While many people will be celebrating The Queen’s Diamond Jubilee, locals at one pub plan to do something a bit different.
Customers at The George Inn, in Portsdown Hill Road, Widley, will ignore the patriotic weekend of celebrations between June 2 and 5 – and raise money for The Rowans Hospice instead.
Starting on June 2, the pub will put on a live music event at its car park with proceeds going towards the hospice, in Purbrook.
Scores of local bands over the course of the weekend will take to the stage and perform for guests.
Confirmed acts include blues musicians Sly Hardy and five-piece folk rockers This Way Up, who hail from Shropshire.
Visitors will also be treated to a performance from a magician as well as a barbecue, hog roast and a raffle with prizes.
Landlord Peter White, who has been in charge at the pub for six and a half years, said: ‘This is the fourth year that we’ve run an event like this.
‘But it’s the first time we’ve decided to hold it in the summer.
‘It’s all about getting everyone to have some fun and raise some money for an excellent cause.’
Each Sunday a meat raffle and a quiz testing locals on their music and general knowledge is held in aid of The Rowans Hospice.
Regulars have raised a total of £20,000 for the hospice since Mr White, 50, took over the pub with his wife Alison Munden, 57.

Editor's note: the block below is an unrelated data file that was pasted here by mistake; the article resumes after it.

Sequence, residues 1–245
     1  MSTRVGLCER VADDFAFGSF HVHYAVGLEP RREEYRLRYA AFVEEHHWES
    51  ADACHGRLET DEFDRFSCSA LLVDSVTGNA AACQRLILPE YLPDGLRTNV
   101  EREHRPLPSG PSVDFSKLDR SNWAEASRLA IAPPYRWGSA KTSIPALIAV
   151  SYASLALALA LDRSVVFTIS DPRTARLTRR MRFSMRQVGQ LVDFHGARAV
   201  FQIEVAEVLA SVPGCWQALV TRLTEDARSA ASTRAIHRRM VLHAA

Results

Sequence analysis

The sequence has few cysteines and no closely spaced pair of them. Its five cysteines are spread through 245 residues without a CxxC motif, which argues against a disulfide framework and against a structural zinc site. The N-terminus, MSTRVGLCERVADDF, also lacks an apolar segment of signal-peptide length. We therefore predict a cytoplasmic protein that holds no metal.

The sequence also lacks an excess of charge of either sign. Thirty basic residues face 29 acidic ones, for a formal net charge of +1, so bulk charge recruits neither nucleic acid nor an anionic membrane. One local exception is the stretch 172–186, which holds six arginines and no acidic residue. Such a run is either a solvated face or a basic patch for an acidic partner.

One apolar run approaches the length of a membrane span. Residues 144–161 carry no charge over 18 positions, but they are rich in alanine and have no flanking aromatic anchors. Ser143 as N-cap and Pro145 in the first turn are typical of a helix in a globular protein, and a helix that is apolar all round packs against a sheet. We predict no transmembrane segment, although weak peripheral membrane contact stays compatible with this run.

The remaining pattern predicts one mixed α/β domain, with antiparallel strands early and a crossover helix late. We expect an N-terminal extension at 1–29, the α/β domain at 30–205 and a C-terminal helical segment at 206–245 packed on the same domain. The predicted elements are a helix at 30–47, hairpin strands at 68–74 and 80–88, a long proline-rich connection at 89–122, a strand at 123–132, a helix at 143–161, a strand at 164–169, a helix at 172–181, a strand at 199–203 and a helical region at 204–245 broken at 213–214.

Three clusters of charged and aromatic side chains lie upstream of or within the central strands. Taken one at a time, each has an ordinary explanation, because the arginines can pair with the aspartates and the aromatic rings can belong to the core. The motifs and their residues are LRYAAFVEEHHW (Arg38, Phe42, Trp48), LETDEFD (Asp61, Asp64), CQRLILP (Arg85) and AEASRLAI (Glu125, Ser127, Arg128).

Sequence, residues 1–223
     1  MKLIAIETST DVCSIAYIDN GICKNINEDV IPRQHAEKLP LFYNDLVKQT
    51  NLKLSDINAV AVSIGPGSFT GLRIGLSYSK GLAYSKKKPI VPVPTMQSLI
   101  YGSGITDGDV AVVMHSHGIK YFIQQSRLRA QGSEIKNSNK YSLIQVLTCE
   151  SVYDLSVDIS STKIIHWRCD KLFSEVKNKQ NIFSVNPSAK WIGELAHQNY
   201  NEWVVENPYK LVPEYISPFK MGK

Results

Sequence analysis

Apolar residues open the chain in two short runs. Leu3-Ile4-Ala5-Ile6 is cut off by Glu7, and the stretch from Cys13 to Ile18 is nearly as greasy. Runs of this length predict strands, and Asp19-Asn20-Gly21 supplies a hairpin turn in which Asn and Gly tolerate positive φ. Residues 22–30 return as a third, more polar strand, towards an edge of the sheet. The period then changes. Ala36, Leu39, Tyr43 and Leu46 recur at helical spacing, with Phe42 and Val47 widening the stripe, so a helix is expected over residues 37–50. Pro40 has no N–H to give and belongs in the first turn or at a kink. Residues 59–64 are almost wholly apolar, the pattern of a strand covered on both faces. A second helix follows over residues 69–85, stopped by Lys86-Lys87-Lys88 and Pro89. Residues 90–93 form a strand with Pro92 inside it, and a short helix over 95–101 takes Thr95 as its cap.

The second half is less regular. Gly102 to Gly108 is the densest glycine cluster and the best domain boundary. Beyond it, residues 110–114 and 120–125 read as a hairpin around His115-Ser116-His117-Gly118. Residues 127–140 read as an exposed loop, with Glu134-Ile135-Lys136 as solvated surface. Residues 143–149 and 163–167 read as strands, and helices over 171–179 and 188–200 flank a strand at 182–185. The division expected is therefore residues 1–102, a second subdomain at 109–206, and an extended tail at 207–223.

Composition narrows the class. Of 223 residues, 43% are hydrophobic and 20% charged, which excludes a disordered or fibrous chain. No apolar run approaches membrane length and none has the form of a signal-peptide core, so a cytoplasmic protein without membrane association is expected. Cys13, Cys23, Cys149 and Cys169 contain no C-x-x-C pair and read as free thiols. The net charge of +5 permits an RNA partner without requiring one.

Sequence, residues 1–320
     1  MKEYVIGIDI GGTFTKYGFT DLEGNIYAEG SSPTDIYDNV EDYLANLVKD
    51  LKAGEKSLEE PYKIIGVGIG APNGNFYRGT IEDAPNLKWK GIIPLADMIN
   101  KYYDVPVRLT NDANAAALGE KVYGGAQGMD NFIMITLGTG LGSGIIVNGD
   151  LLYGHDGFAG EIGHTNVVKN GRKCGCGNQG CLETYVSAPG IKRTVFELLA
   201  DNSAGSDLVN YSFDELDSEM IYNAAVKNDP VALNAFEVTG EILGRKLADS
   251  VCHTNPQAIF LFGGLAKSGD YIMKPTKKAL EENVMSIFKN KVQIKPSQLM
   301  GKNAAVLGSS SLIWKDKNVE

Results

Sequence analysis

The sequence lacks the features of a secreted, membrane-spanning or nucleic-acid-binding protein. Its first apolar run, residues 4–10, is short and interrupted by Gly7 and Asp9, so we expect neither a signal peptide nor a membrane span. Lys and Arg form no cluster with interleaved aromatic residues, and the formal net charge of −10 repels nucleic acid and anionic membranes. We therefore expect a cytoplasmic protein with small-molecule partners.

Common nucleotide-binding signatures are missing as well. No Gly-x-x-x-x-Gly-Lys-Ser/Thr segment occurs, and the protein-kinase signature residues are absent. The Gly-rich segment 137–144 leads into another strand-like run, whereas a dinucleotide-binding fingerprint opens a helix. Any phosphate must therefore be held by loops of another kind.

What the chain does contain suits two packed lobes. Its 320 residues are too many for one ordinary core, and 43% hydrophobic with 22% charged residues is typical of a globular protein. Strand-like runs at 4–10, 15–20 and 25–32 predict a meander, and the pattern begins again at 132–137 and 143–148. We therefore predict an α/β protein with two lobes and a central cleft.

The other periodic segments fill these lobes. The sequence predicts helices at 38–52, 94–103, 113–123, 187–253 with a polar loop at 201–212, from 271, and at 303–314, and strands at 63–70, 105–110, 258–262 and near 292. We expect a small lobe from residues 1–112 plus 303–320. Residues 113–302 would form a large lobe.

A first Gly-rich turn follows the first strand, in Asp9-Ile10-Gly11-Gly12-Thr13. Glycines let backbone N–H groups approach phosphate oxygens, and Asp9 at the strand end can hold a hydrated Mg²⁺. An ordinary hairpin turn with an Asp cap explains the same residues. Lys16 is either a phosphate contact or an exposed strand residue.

‘We pride ourselves on supporting the hospice because I have known people over the years who have been cared for by the team there,’ Mr White said.
‘The hospice deserves all the support it gets.’
The pub, which dates back to the late 18th century, was once two cottages and was also the site of Old Widley fire station.
‘It’s amazing that this pub is steeped in history,’ Mr White said.
‘It’s a real old fashioned locals pub.’
Seven real ales are served on tap and over the years the pub has received awards from the Campaign For Real Ale (Camra) for the quality of its beer.
Sandy Hall, 52, who has been a part-time barmaid at the pub for a year, said she loves its old-fashioned feel.
‘It’s a proper traditional pub,’ she said.
‘I can’t stand these places that have large television screens and loud music.
‘I love the social aspect of the job. The locals are a great bunch.
‘It’s fantastic that the pub has done so much for the hospice.’